RC Factory/Icare RC Crack Yak Lite
The small MP Jet brushless outrunner was a great match to the airframe. My ply
disc has four pieces of thin CF glued into the foam front end “cross section” for
added support. A couple of different props were tried with fairly similar results.
The printing on the model is quite crisp and clean. A small slit cutout for the battery
allows for some CG changes if wanted.
The spirit of the Lite Series Crack Yak 55 is an indoor/outdoor 3D aerobatic
airplane that will withstand the abuses of tight spaces, inadvertent
“touchdowns” and the learning curve of extreme flight maneuvers. Lighter is
better with this style of model and here is the best way to enjoy light flights:
Component choice is everything. When it comes to power, follow recommendations on the lower
end. The Crack Yak will accept a 2203 or 2204 motor; use the 2203 and get a higher Kv if you have
the need for speed. Make sure to also use a lightweight speed control and servos. Every gram really
does add up on a model this size.
Glue choice is up to you, but I’ve had great results with contact adhesive such as Welder’s, which
evaporates and loses weight while it dries! It has another advantage: it is not as brittle as CA. Either
way, be sparing with your glue and only use enough to get the job done; more glue is more weight.
Extreme measures can be executed if you are a weight-saving fiend like me. I have been known
to remove the four screws holding a servo case together, remove the bottom of said case, shorten
servo wires (even the internal ones!), shorten motor/speed control wires, remove battery balance
leads, remove receiver cases, remove shrink wrap from speed controls, and even leave off landing
gear (which is against my model airplane religion). I have to add that such modifications may void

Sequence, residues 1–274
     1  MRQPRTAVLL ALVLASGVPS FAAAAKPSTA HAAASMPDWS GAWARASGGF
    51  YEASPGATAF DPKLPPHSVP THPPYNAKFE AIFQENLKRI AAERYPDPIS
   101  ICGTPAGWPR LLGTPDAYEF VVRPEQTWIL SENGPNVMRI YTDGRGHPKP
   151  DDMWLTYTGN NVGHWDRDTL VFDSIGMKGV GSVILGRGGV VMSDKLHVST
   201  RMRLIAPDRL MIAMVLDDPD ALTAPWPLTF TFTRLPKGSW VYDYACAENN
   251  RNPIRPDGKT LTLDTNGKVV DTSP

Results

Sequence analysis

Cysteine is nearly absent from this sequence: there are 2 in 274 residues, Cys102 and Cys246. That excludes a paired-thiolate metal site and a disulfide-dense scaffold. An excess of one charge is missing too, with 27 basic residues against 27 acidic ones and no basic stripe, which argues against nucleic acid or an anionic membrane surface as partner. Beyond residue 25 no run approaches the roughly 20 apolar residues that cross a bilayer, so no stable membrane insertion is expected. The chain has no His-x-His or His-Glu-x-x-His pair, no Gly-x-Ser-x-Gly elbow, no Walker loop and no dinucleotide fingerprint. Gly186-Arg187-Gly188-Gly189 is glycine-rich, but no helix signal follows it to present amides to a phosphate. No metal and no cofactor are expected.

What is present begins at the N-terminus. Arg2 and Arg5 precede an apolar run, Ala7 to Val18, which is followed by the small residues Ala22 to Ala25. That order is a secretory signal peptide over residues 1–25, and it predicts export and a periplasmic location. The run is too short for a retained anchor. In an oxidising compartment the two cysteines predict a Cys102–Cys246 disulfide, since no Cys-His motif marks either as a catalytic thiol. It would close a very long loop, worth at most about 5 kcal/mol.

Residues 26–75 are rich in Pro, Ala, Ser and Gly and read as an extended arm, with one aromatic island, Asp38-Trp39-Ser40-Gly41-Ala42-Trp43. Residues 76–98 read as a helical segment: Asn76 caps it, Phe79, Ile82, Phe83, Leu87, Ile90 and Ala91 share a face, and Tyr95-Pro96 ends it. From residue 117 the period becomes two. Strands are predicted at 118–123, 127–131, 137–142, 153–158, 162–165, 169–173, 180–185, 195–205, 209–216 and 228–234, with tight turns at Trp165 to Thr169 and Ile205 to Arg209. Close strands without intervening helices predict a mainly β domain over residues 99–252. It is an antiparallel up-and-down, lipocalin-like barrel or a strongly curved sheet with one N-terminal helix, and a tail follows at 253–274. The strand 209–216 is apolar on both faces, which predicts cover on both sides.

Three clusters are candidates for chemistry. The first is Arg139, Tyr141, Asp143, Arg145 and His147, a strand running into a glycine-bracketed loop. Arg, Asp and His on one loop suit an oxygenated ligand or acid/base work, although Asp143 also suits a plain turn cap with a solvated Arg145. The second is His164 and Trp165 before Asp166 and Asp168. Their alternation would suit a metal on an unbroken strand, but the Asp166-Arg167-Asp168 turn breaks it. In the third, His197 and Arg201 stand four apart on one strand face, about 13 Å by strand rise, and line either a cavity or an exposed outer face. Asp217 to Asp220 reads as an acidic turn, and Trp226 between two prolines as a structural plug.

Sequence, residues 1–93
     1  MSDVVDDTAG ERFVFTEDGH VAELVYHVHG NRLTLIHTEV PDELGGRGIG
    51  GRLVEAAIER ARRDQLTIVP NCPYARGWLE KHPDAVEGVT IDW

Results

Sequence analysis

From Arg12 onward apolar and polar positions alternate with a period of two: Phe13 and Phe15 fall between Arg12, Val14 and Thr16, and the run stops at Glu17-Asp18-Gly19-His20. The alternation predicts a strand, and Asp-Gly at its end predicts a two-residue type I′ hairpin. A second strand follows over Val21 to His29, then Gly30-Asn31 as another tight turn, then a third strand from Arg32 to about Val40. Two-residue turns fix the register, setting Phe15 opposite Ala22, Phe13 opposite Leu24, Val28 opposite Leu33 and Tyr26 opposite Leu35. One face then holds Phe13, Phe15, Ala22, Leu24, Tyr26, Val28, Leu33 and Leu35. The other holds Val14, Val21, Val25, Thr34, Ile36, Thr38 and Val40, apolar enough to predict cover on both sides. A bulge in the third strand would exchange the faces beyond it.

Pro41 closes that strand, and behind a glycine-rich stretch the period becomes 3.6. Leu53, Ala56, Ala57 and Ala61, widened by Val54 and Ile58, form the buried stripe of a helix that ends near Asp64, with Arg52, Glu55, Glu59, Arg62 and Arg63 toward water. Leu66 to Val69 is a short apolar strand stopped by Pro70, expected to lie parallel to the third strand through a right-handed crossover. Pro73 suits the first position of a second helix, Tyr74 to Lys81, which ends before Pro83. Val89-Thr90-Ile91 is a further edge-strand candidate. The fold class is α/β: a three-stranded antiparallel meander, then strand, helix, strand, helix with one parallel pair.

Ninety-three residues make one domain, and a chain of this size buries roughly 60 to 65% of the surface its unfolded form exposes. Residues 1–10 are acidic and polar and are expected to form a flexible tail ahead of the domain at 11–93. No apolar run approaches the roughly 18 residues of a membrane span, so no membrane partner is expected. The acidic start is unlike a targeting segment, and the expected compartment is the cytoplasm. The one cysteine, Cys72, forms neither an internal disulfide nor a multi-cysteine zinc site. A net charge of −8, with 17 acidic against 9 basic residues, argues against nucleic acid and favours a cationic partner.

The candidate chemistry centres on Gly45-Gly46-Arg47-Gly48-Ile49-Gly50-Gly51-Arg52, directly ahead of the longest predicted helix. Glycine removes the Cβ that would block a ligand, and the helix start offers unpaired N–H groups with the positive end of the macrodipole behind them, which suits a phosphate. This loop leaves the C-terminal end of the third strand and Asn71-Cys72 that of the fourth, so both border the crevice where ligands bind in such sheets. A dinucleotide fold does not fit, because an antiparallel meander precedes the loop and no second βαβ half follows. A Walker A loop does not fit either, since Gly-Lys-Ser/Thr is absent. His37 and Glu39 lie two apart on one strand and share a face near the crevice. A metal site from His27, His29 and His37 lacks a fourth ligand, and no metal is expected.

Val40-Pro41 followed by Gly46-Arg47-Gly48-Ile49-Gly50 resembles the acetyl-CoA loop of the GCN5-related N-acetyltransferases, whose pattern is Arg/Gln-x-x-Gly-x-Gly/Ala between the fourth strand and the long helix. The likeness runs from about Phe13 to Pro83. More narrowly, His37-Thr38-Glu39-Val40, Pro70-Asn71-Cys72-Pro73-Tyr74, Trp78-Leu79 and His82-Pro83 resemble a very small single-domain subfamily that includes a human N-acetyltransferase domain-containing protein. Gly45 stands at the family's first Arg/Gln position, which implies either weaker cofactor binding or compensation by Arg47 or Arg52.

warranties, so check with your manufacturer/distributor to be sure.
The “Lite Series” of Crack Yak airplanes are the
result of a proven design on a diet, shedding 1.5
ounces. The Crack Yak’s airframe parts are all
pre-printed. It used to be that EPP planes (while
being highly durable) were a little too flexible
and their precision flight capabilities suffered
in comparison to Depron planes. The Crack Yak
Lite is uniquely rigid and, once built, offers an
unusual crispness for an EPP model. A pair of
pre-beveled EPP foam trusses adds even more
stiffening with minimal weight gain and further
lowers the wing loading. Four-ply ribs hold the
twin carbon-fiber wing spars in place and once
glued in, the assembly stiffens the wing well.
Your components are all located centrally and this aids lateral balance. Remember to use your lightest gear!
The aileron hinges and the empennage
hinges are molded into the wing and tail
feathers. You will want to fold all of the control
surfaces over and allow them to sit overnight
under a book or other flat weight. This will
help loosen up the hinges and make them
easier to move thus giving a bit of relief to
your actuators. When it comes time to install
the servos, the pre-cut openings may have to
be modified to fit your particular servos. This
is quick and easy with a sharp hobby knife. I
made a slit in one of the foam trusses and was
able to conceal most of my wiring inside, which
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